Chapter 1.
Unit Root Tests
EViews 4.1 includes support for the newest generation of unit root tests. In addition
to the existing Augmented Dickey-Fuller (1979) and Phillips-Perron (1998) tests,
EViews now allows you to compute the GLS-detrended Dickey-Fuller (Elliot, Rothen-
berg, and Stock, 1996), Kwiatkowski, Phillips, Schmidt, and Shin (KPSS, 1992),
Elliott, Rothenberg, and Stock Point Optimal (ERS, 1996), and Ng and Perron (NP,
2001) unit root tests.
In addition, EViews now allows you to perform Newey-West (1994) and Andrews
(1991) automatic bandwidth selection for kernel based estimators, or automatic infor-
mation criteria based selection of lag length for Dickey-Fuller tests and AR spectral
density estimators.
The command support for these new unit root features is documented in
uroot
(p. 43)
.
Performing Unit Root Tests in EViews
The following discussion assumes that you are familiar with the basic forms of the
unit root tests, and the associated options. We provide theoretical background for
these tests in
“Basic Unit Root Theory” beginning on page 9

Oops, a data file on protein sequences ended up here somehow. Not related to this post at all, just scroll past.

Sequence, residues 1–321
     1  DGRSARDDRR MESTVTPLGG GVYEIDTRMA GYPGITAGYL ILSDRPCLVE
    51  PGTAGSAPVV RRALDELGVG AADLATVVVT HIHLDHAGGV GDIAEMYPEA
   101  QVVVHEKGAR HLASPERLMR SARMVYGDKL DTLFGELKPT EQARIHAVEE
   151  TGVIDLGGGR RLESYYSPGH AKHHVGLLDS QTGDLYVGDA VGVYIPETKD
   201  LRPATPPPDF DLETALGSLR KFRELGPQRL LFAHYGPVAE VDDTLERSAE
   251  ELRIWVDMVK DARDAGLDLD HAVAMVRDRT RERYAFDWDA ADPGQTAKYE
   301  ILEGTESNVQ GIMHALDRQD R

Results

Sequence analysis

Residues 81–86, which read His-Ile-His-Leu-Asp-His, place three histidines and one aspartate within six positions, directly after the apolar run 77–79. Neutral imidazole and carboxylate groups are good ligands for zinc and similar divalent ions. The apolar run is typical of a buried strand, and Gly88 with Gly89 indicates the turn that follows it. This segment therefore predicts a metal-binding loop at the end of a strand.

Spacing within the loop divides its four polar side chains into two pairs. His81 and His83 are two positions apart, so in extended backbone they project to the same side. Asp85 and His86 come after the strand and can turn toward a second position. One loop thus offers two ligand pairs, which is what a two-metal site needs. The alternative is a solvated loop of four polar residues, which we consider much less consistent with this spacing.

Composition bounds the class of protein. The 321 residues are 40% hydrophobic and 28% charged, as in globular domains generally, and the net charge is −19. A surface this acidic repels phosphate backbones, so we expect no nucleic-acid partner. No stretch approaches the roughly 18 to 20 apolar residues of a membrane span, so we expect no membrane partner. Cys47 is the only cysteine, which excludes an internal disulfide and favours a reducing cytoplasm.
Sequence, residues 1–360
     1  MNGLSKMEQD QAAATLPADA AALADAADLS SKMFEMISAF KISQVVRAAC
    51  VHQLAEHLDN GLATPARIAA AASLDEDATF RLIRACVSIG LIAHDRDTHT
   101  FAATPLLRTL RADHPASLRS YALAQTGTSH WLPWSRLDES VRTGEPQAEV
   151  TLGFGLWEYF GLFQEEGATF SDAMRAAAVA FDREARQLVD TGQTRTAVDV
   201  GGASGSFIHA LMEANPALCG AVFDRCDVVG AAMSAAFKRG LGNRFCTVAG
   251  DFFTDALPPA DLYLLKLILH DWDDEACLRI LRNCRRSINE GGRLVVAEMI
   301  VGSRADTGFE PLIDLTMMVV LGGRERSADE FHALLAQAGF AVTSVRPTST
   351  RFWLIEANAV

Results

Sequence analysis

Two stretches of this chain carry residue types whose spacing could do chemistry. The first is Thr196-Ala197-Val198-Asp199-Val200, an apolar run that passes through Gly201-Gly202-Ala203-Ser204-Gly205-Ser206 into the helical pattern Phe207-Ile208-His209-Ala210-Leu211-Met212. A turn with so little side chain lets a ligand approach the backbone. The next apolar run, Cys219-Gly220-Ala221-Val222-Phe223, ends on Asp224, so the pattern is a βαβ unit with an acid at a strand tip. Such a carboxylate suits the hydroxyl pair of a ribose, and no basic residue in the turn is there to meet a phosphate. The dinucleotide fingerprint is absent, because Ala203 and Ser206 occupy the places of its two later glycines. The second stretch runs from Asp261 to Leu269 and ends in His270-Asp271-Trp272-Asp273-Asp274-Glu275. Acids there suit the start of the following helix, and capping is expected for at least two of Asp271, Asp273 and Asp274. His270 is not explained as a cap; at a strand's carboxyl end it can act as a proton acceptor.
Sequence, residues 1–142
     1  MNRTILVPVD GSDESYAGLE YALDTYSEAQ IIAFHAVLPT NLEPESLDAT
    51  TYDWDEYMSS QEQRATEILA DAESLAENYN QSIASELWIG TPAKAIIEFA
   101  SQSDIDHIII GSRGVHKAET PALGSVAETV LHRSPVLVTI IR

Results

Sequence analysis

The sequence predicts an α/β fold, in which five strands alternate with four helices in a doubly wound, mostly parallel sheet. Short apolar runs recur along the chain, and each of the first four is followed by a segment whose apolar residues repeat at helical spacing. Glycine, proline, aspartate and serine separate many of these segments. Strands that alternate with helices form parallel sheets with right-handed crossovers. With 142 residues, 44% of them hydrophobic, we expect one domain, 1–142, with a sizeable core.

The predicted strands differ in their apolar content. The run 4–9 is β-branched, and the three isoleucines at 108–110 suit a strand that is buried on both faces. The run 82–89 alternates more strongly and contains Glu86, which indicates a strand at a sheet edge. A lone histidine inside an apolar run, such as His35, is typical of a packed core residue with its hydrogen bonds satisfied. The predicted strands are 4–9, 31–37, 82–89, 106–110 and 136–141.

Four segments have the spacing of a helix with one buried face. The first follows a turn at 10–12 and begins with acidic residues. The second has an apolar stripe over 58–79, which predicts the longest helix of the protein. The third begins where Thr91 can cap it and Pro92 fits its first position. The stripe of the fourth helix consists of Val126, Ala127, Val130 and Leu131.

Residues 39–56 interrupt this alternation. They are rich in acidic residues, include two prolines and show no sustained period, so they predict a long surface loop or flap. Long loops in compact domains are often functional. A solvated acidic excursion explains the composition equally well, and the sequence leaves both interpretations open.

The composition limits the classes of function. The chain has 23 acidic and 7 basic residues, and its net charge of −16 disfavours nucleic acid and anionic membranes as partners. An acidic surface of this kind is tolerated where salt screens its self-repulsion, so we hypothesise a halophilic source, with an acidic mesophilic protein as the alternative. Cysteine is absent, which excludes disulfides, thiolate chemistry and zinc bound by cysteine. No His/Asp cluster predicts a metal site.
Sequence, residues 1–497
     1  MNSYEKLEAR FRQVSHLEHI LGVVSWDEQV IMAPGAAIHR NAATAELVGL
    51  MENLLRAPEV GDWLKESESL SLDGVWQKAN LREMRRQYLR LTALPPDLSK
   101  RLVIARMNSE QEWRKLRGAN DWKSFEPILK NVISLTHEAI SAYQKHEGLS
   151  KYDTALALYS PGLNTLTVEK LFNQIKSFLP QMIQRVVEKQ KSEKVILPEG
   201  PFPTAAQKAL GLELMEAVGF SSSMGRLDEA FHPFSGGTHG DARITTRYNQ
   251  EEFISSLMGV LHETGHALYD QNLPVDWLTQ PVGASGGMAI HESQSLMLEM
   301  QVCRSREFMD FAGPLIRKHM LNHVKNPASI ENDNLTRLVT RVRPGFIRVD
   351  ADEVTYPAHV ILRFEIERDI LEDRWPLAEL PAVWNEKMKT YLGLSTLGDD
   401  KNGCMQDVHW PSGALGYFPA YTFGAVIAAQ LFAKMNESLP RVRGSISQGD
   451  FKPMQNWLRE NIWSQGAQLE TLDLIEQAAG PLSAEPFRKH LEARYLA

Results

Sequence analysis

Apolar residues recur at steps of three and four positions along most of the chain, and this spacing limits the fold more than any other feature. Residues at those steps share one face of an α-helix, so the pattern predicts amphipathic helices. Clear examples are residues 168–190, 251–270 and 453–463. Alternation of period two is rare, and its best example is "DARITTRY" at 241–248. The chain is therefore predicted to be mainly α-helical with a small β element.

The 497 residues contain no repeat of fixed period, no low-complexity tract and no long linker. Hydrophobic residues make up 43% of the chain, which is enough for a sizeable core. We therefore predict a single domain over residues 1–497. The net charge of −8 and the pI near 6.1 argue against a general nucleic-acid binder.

, and document the set-
tings used when performing these tests.
To begin, double click on the series
to open the series window, and
choose
View/Unit Root Test…
You must specify four sets of
options to carry out a unit root test.
The first three settings (on the left-
hand side of the dialog) determine
the basic form of the unit root test.
The fourth set of options (on the
right-hand side of the dialog) con-
sist of test specific advanced set-
tings. You only need concern
yourself with these latter settings if you wish to customize the calculation of your
unit root test.
First, use the topmost combo box to select the type of unit root test that you wish to
perform. You may choose one of six tests: ADF, DFGLS, PP, KPSS, ERS, and NP.
6
—Chapter 1. Unit Root Tests
Next, specify whether you wish to test for a unit root in the level, first difference, or second
difference of the series.
Lastly, choose your exogenous regressors. You can choose to include a constant, a constant
and linear trend, or neither (there are limitations on these choices for some of the tests).
You can click on
OK
to compute the test using the specified settings, or you can customize
your test using the advanced settings portion of the dialog.
The advanced settings for both the ADF and DFGLS tests allow you to specify how lagged
difference terms
are to be included in the ADF test equation. You may choose to let
EViews automatically select
, or you may specify a fixed positive integer value. If you
choose automatic selection, you are given the additional option of selecting both the infor-
mation criterion and maximum number of lags to be used in the selection procedure.
In this case, we have chosen to estimate an ADF test that includes a constant in the test
regression and employs automatic lag length selection using a Schwarz Information Crite-
rion (BIC) and a maximum lag length of 14. Applying these settings to data on the U. S.